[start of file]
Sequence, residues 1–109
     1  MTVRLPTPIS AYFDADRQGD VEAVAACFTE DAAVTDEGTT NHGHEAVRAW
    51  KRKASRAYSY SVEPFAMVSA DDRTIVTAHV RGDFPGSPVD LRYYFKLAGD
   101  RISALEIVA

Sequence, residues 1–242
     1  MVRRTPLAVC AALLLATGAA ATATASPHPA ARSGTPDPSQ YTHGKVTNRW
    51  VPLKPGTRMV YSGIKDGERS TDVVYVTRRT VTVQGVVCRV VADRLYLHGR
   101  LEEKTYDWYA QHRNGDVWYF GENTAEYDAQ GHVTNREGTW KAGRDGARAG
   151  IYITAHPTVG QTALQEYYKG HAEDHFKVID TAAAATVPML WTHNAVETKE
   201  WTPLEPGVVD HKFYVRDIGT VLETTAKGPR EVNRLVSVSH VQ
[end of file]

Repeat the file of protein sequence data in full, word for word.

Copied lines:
Sequence, residues 1–109
     1  MTVRLPTPIS AYFDADRQGD VEAVAACFTE DAAVTDEGTT NHGHEAVRAW
    51  KRKASRAYSY SVEPFAMVSA DDRTIVTAHV RGDFPGSPVD LRYYFKLAGD
   101  RISALEIVA

Sequence, residues 1–242
     1  MVRRTPLAVC AALLLATGAA ATATASPHPA ARSGTPDPSQ YTHGKVTNRW
    51  VPLKPGTRMV YSGIKDGERS TDVVYVTRRT VTVQGVVCRV VADRLYLHGR
   101  LEEKTYDWYA QHRNGDVWYF GENTAEYDAQ GHVTNREGTW KAGRDGARAG
   151  IYITAHPTVG QTALQEYYKG HAEDHFKVID TAAAATVPML WTHNAVETKE
   201  WTPLEPGVVD HKFYVRDIGT VLETTAKGPR EVNRLVSVSH VQ